Shortly after the December 14 call from Price, Lewis began to worry that Merrill’s losses had simply become too great to bear. He consulted with counsel and again considered how he might abandon the deal. Ed Herlihy, the partner at Wachtell Lipton who had helped initiate the Merrill deal, and who had long acted as an adviser to Lewis, called Ken Wilson, a just-retired Goldman vice chairman and a friend and confidant of Hank Paulson, the Treasury secretary and former Goldman CEO. Wilson had joined the Treasury Department a few months earlier as an adviser to Paulson, and he listened in awe as Herlihy told him the magnitude of Merrill’s losses, and with dread as Herlihy told him that Bank of America was thinking about walking away from the deal. “The amount of devastation to the financial system if Merrill blew up would have been unfathomable,” Wilson told me in May. “It would have been Lehman squared. Just horrific.” He told Herlihy that Lewis should call Paulson directly.
On the morning of December 17, Lewis called the Treasury secretary from his office in Charlotte. “I told him that we were strongly considering the MAC and thought we actually had one,” Lewis recalled in his deposition.
“We probably should talk,” Paulson replied. “Could you be here by six o’clock?”
Lewis showed up at the Federal Reserve in Washington at the appointed hour, along with Joe Price and Brian Moynihan, Bank of America’s newly named general counsel (Moynihan would later succeed Thain atop the newly acquired Merrill Lynch). By then, Paulson had arranged for Bernanke to be there, too.
Lewis kicked off the discussion by talking about how Bank of America, in the fourth quarter of 2008, would likely suffer its first quarterly loss in 17 years—a loss entirely independent of the Merrill deal—and then Price walked Paulson, Bernanke, and their aides through the magnitude of the losses that Merrill had taken. “The main thing we were concerned about was the very large hole that would have been created” in Bank of America by Merrill’s losses, Lewis said in his deposition. The Bank of America executives then broached the idea of invoking the merger agreement’s MAC clause. But Paulson and Bernanke were unreceptive. They warned Lewis and Price against taking that step, and they urged caution. Lewis was told to “stand down” for the moment, he recalls, until Paulson and Bernanke had a chance to put their heads together. “And so we left,” Lewis said.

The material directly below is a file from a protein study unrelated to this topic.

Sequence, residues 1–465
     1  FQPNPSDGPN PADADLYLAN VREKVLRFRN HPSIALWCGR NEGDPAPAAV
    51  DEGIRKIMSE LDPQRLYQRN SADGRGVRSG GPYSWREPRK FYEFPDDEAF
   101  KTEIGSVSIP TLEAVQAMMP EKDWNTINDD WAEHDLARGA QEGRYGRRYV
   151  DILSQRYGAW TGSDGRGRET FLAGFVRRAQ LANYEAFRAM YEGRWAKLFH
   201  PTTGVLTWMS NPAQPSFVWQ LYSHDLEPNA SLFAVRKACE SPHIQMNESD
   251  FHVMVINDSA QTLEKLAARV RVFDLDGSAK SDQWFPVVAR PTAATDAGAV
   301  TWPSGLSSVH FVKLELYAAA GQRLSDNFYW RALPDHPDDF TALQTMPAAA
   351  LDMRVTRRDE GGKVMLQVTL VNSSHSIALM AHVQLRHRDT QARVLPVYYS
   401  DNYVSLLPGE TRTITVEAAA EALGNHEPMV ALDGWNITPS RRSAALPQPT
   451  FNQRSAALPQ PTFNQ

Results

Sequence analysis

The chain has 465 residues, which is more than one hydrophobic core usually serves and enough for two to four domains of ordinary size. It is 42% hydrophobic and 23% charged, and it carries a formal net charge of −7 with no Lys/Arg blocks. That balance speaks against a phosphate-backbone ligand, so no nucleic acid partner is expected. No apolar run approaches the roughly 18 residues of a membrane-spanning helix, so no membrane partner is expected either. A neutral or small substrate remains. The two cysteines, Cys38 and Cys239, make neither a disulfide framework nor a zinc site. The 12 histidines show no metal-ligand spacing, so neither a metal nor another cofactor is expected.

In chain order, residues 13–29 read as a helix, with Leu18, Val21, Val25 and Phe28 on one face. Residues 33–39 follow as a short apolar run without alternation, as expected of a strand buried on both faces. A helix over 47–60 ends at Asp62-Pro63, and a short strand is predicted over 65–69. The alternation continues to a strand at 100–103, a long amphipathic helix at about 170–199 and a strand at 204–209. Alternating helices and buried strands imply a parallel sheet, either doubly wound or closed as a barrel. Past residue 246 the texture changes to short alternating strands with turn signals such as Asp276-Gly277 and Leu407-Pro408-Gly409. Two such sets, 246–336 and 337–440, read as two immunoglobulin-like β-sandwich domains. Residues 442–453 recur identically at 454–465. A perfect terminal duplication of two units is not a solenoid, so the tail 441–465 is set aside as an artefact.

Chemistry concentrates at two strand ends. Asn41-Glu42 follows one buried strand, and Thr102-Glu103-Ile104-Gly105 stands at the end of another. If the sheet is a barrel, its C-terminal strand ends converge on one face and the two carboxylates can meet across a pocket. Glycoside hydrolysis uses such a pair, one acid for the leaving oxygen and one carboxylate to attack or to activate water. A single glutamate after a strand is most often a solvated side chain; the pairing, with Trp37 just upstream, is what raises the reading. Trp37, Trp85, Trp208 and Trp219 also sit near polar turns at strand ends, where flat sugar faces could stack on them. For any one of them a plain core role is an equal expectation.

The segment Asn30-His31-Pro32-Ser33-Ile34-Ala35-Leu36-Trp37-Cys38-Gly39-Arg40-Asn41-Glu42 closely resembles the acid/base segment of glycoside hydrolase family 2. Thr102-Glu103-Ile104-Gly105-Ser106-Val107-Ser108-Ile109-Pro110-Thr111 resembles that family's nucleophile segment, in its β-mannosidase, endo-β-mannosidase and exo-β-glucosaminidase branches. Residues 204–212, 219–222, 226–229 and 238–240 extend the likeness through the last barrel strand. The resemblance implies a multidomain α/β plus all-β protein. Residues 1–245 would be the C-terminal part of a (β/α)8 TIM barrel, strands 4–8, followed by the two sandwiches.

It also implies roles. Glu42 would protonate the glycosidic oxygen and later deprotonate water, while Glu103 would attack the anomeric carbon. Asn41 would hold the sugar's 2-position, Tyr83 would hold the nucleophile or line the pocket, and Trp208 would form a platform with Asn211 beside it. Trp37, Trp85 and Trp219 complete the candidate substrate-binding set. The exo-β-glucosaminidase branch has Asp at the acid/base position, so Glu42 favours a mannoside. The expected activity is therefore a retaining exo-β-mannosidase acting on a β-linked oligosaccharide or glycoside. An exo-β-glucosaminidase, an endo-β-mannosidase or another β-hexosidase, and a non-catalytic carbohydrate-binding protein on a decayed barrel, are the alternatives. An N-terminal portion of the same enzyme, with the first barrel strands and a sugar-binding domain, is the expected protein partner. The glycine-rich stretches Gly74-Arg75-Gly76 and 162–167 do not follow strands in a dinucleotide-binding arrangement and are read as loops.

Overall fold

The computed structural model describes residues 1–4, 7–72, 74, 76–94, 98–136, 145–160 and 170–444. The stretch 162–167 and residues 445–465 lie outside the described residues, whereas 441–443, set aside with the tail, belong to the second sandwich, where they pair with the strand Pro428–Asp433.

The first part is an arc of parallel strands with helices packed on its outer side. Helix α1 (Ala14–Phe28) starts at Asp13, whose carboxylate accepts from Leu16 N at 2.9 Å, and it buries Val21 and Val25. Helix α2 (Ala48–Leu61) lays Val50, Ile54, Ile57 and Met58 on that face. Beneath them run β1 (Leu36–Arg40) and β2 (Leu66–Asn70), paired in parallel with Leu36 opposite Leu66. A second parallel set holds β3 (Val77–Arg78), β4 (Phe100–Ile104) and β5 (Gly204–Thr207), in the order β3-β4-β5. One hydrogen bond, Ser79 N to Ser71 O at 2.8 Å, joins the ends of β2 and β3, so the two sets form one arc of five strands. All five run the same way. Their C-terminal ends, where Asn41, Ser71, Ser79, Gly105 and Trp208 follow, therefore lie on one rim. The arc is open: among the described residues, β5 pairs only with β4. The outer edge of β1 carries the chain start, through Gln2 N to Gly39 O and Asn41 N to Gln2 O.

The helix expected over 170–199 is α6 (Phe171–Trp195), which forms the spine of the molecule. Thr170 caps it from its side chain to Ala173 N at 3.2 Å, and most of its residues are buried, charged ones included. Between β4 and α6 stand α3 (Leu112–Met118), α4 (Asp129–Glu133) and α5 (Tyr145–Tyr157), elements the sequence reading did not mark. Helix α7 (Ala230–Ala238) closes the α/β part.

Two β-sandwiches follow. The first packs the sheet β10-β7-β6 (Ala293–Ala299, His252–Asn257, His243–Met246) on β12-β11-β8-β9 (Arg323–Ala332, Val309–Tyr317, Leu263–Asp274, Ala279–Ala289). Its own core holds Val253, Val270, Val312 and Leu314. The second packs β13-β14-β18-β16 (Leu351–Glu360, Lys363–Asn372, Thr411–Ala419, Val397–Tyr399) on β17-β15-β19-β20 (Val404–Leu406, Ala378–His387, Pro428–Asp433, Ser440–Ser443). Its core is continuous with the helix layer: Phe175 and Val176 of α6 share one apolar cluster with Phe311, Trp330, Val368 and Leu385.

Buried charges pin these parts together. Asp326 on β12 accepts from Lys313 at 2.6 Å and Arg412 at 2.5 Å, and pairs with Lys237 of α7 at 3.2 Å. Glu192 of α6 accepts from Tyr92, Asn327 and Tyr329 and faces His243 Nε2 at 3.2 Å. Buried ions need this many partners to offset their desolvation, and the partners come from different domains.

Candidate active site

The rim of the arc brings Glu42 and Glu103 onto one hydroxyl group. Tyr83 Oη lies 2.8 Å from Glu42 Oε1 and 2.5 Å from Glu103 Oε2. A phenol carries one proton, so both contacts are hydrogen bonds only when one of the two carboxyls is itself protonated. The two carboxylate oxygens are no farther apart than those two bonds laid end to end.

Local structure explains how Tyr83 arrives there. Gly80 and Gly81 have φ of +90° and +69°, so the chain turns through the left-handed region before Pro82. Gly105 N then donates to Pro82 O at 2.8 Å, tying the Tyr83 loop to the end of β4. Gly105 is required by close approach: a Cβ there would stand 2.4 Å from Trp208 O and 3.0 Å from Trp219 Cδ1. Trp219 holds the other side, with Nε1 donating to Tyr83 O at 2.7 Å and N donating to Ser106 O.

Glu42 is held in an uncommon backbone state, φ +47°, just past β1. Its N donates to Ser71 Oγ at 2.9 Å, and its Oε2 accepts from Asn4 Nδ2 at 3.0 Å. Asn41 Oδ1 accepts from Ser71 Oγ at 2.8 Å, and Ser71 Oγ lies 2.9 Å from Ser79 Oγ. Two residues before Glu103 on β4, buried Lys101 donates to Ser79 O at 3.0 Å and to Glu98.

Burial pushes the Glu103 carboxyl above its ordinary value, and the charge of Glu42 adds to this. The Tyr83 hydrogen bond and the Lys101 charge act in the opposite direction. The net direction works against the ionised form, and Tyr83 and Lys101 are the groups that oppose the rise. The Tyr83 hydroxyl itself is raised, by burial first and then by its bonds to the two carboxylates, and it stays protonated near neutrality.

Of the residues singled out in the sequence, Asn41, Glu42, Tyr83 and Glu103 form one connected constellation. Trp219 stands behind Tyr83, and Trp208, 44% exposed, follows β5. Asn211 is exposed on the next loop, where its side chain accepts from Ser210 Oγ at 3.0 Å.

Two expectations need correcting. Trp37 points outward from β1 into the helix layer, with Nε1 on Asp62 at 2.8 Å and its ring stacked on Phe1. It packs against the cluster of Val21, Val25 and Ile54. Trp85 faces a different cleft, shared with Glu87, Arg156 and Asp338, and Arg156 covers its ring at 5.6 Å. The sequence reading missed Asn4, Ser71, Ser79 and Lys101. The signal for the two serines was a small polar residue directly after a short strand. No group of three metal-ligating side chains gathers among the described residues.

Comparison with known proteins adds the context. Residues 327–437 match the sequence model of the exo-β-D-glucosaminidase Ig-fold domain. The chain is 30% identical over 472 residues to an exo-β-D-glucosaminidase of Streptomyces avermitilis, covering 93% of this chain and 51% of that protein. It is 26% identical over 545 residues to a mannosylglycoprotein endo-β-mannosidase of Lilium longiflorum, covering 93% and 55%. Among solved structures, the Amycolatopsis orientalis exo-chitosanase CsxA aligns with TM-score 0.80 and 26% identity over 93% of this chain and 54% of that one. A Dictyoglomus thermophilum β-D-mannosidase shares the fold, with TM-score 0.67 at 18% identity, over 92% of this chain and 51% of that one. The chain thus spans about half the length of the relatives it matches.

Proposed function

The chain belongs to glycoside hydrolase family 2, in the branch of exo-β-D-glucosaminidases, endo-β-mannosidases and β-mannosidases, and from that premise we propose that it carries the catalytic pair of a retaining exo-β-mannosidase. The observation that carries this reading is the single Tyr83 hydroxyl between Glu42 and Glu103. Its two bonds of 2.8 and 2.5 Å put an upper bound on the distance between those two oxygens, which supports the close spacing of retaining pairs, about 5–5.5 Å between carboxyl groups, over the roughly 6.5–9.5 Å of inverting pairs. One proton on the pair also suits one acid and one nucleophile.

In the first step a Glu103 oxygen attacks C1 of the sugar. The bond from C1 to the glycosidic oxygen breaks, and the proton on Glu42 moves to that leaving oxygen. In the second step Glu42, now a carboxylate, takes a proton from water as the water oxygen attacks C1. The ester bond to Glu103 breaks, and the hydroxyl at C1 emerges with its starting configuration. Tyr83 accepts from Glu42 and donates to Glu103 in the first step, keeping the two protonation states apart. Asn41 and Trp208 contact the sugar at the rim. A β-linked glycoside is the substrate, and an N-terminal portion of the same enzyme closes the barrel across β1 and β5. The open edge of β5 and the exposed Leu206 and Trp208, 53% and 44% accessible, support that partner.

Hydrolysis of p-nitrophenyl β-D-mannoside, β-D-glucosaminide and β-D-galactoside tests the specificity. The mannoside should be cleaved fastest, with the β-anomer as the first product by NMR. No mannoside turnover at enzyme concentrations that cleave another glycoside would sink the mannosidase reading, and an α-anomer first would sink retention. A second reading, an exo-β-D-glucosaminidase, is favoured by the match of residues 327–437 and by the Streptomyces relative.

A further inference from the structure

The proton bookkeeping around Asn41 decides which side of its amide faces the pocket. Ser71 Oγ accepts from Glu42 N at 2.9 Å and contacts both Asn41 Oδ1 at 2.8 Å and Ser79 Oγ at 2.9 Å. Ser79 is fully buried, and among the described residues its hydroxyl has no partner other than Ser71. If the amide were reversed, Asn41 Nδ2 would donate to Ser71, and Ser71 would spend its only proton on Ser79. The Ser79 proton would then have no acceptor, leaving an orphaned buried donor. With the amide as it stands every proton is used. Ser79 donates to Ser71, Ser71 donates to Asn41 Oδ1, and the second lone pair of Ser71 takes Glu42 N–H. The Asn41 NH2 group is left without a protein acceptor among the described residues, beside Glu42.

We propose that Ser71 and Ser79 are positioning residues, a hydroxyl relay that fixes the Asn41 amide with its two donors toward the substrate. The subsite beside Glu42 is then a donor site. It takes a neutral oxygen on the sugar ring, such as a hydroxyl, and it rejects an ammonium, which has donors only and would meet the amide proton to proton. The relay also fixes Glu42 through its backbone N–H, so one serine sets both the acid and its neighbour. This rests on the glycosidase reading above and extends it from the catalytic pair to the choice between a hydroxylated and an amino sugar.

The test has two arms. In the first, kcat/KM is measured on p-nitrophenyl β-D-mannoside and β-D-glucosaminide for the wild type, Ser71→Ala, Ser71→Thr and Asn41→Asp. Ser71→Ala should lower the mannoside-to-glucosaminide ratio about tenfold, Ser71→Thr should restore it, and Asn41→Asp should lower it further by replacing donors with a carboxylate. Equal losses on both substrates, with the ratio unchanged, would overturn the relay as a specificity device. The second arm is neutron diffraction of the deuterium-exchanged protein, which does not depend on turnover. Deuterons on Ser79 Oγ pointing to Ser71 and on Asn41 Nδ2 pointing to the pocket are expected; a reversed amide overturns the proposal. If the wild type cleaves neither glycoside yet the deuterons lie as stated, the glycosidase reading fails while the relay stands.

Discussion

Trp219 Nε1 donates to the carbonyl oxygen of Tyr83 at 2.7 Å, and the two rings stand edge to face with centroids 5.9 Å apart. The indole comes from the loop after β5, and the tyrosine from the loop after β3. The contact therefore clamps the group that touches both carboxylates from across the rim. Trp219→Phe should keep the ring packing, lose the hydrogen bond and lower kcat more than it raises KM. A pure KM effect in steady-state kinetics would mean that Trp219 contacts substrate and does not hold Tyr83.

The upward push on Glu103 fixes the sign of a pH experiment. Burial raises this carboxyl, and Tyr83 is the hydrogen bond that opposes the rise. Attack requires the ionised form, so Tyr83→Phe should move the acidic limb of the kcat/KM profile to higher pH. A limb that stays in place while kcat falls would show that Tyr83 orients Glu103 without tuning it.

By December 20, Bernanke had come to the view that “the MAC threat is irrelevant because it is not credible,” according to an e-mail written that day by Jeffrey Lacker, the president of the Federal Reserve Bank of Richmond, who had just spoken to Bernanke. “Also,” he wrote, Bernanke “intends to make it even more clear that if they play that card and then need assistance, management is gone.”
On Sunday, December 21, Lewis tracked down Paulson to talk more about the possibility of invoking the MAC clause. Just that morning, at 8:17, Mac Alfriend, a senior official at the Richmond Fed, had sent an e-mail to his colleagues: “Merrill is really scary and ugly.” About two hours later, Bernanke had written to his Fed colleagues, saying he thought Lewis’s “threat to use the MAC is a bargaining chip, and we do not see it as a very likely scenario at all.” He urged them to come up with “some analysis” to convince Lewis why calling the MAC “would be a foolish move and why the regulators will not condone it.”
Lewis first tried to call Paulson at Treasury, and was given his cell-phone number. He eventually reached the Treasury secretary at a ski cabin in Colorado. Paulson—known as “The Hammer” since his days on the offensive line at Dartmouth—did not mince words with Lewis. “I’m going to be very blunt,” he said, according to Lewis’s deposition. “We’re very supportive of Bank of America and we want to be of help, but the government does not feel it’s in your best interest for you to call a MAC.” According to Lewis, Paulson told him the government felt “so strongly” about this that he said, “We would remove the board and management” if Lewis tried to invoke it. At that, a shaken Lewis stood down again. He later said he knew that Paulson wasn’t joking around, and “that he wouldn’t say something that strong if he didn’t feel like it was a systemic risk as well.”
“Hank, let’s de-escalate this for a while,” he told Paulson. “Let me talk to our board.” Paulson seemed happy with Lewis’s suggestion to ratchet things back. “Good,” he said. “I’ll call Ben and tell him that.”
The next day at 4 p.m., Lewis convened a special board meeting via conference call, to convey management’s recommendation that the merger with Merrill Lynch be completed on its original terms. He reiterated Paulson’s view that a failure to complete the merger would result in a “systemic risk” to the U.S. economy—and that invoking the MAC clause would cause the Fed and Treasury to remove Bank of America’s management and its board of directors.
Although the government’s threat was unprecedented—and would have been almost inconceivable before the collapse of Bear Stearns in March 2008—Lewis argued against challenging Paulson and Bernanke. He also chose not to inform his shareholders or the public about his conversations with Paulson and Bernanke. “We bank 99 percent of the Fortune 1,000, … a third of all commercial companies, [and] every other American,” he said in his deposition. “If it’s bad for America, then it’s bad for us.” In his interview with Maria Bartiromo in February, Lewis elaborated. The decision, he said, came down to “enlightened self-interest. Because we’re so inextricably tied in with the U.S. economy and have such large market shares, what’s good for America is good for Bank of America.”